There are many anecdotal evidences supporting the use of probiotics in children. They are known to provide a myriad of benefits ranging from better gut health to enhanced nutrient absorption.

However, these evidences are strain specific which makes it important for you to identify your child’s unique needs and find a probiotic supplement to match it.

It is possible for a strain that may be useful for one function to be useless for another. A common example is in the Lactobacillus strains – Gasseri and Acidophilus. While Gasseri helps in losing weight, Acidophilus may promote weight gain in children.

Which Kids should Avoid Probiotics?

Probiotics are bacteria which makes them unsuitable for children with compromised immune systems. It is not recommended for children who have had prolonged stays in the hospital or have recently come out of a surgery. They are also not recommended for children prone to allergic reactions.

The Benefits of Probiotics

Although research is still lacking in the area of probiotics, one thing is for sure, that they are necessary in regulating your child’s health. Probiotics are beneficial in relieving constipation, acid reflux, diarrhea symptoms, and flatulence.

Many researches have suggested that probiotics can also improve gut immunity and oral health. There are initial findings that probiotics may also help manage eczema and other autoimmune disorders by regulating the body’s immunity.

Other medical conditions where probiotics may be helpful include irritable bowel syndrome, inflammatory bowel disease, antibiotic associated diarrhea, Crohn’s disease, infectious diarrhea (including Clostridium difficile infection). However, it is important that probiotics be used only as a preventative measure and not as the primary therapy.

Why Give Supplements with Probiotic Foods

Probiotics in the natural form are always recommended. However, your child might not be open to drinking kefir milk or kombucha. It can also be difficult to get them to eat other fermented probiotic foods like natto or tempeh.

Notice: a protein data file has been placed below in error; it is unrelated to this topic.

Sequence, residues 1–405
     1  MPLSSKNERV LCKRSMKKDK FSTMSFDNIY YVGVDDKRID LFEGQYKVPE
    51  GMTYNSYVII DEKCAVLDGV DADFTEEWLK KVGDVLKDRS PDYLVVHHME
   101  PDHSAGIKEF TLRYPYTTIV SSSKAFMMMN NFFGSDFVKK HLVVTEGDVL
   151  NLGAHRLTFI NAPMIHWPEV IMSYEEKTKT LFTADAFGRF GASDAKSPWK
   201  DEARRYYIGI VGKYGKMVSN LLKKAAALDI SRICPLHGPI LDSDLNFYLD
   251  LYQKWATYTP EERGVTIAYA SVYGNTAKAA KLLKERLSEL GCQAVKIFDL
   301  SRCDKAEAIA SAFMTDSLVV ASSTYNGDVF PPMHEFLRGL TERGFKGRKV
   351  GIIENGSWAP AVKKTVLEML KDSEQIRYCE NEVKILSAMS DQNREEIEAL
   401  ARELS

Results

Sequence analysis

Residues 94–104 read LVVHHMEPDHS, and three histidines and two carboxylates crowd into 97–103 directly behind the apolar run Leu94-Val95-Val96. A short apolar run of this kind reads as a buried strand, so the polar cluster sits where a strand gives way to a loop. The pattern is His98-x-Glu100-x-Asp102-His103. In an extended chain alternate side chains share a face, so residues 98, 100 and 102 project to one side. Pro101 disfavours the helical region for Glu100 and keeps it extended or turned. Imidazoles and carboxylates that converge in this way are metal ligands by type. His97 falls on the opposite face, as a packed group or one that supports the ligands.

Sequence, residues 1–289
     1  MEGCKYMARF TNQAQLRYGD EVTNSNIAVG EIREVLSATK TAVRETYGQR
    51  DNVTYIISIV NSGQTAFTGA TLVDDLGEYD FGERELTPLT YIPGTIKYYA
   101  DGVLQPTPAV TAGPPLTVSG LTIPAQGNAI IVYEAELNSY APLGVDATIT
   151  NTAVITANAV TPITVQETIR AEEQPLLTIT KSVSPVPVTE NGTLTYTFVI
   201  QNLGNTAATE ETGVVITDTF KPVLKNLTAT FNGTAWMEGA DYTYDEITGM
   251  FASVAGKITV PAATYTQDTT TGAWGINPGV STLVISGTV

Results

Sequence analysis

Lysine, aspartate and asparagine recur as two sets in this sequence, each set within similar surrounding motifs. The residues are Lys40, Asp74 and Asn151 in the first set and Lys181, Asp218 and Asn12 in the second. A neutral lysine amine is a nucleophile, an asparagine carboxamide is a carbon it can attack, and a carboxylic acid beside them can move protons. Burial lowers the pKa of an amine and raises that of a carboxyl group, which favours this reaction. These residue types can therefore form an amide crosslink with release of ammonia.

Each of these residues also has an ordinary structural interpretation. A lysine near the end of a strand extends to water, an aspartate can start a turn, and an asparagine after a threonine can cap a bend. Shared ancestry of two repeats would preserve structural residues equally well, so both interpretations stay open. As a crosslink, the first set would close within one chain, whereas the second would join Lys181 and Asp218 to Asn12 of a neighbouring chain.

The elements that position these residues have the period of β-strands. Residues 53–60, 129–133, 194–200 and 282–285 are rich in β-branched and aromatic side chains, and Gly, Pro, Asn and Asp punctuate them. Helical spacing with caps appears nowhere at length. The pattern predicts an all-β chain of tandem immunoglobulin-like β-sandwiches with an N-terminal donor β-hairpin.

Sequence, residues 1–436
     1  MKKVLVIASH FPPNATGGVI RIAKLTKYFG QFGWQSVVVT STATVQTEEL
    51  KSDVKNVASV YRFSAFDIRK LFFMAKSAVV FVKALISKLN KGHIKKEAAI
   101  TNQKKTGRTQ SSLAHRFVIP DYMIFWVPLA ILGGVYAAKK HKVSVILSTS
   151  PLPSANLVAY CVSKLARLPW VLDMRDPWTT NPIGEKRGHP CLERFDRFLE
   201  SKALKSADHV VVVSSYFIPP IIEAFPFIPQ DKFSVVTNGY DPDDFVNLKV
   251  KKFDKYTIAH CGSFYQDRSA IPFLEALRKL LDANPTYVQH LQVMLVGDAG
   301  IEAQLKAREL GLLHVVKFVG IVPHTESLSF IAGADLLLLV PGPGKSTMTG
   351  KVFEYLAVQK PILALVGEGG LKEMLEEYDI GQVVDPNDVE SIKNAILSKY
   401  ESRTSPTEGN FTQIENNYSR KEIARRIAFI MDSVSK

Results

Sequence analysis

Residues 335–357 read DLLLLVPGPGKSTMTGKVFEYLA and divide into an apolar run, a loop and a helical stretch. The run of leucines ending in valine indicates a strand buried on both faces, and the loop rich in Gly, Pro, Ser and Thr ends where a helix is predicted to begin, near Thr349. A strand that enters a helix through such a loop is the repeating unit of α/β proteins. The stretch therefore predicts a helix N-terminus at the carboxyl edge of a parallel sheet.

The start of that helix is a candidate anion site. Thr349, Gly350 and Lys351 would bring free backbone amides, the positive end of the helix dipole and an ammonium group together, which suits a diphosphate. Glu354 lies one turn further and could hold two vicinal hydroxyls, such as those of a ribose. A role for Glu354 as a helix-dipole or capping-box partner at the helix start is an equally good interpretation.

Mostly, children only prefer yogurt where natural probiotic foods are concerned. Yogurt will provide your child with only limited bacteria strains.

Hence, probiotic supplements are recommended to complete the microbiome requirements. Supplements give you complete control over the bacteria strains and the quantity of CFUs.

They are also easier to ingest and ensure that live bacteria are delivered straight to your kid’s intestines. It is not reasonable to expect your child to get their complete probiotic profile from natural foods. For one thing, children are known for not eating what their parents want them to eat. Again – just see the Solis daughters in that horrendous Desperate Housewives show if you can bear to watch it. That should be child abuse allowing children to become obese but let’s not digress on this.

There are a number of supplements in delicious berry and fruit flavors, which are either in the form of chewable tablets or gummies, with proven probiotic strains to help develop a child’s digestive health and immune system. You can easily find probiotic formulas for infants and tablets for ages 2 and above.

The Bottom Line

Probiotics are known to relieve cute constipation, colic, and acid reflux in healthy infants and children by maintaining digestive health and helping develop a balanced gut microbiome.

Long term benefits of probiotics are unknown and they are regulated as a food product by the Food and Drug Administration (FDA). This makes it important that probiotics be not treated as a medicine, but used as a preventative measure.

Make sure you choose a supplement that addresses your child’s unique needs and is designed specifically for children. Also, ensure that the product contains live and active bacteria culture.